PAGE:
Another example is our ground-breaking partnership with Save the Children. The goal of this partnership is to save a million lives over 5 years. It’s ambitious. But what’s interesting about this partnership is that it really is a partnership – Save the Children and GSK, for example, are working together in R&D to produce an antiseptic gel for sealing umbilical cords. A project that we at GSK would never have thought of if it wasn’t for Save the Children.

So, you can see, partnerships are evolving – becoming more long-term and strategic. It’s an exciting time!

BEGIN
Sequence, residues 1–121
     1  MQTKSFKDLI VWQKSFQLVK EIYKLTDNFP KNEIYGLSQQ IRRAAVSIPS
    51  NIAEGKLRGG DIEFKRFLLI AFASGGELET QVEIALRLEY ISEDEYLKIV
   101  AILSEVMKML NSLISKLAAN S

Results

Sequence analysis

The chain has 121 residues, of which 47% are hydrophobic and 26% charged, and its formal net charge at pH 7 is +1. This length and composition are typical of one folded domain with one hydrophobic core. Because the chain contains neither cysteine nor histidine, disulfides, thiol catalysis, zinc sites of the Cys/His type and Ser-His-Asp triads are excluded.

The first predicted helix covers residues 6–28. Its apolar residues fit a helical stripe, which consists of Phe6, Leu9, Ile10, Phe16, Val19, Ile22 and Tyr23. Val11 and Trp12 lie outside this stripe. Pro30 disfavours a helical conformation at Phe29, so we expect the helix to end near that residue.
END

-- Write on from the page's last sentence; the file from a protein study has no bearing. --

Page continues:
Q. Being a leading pharmaceutical company with global reach and influence in the healthcare industry, how do you foresee pharmaceutical companies such as GSK contributing towards meeting the goal of ending AIDS as a public health threat by 2030, particularly in the quest of opening up access to HIV treatment?

A. We at GSK are immensely proud of the work we have done, not only in bringing new and better medicines to treat HIV/AIDS, but also in widening access. For the past decade, GSK has consistently topped the “Access to Medicines Index” which ranks companies by their efforts to address pressing healthcare needs across the world from basic research all the way to the last mile. That doesn’t mean we think everything has been solved. Far from it. So, the role of a company like GSK is to continuously build on what we have done – and what we have learned that works – and build new partnerships to finish the job. Not resting on our laurels is the key!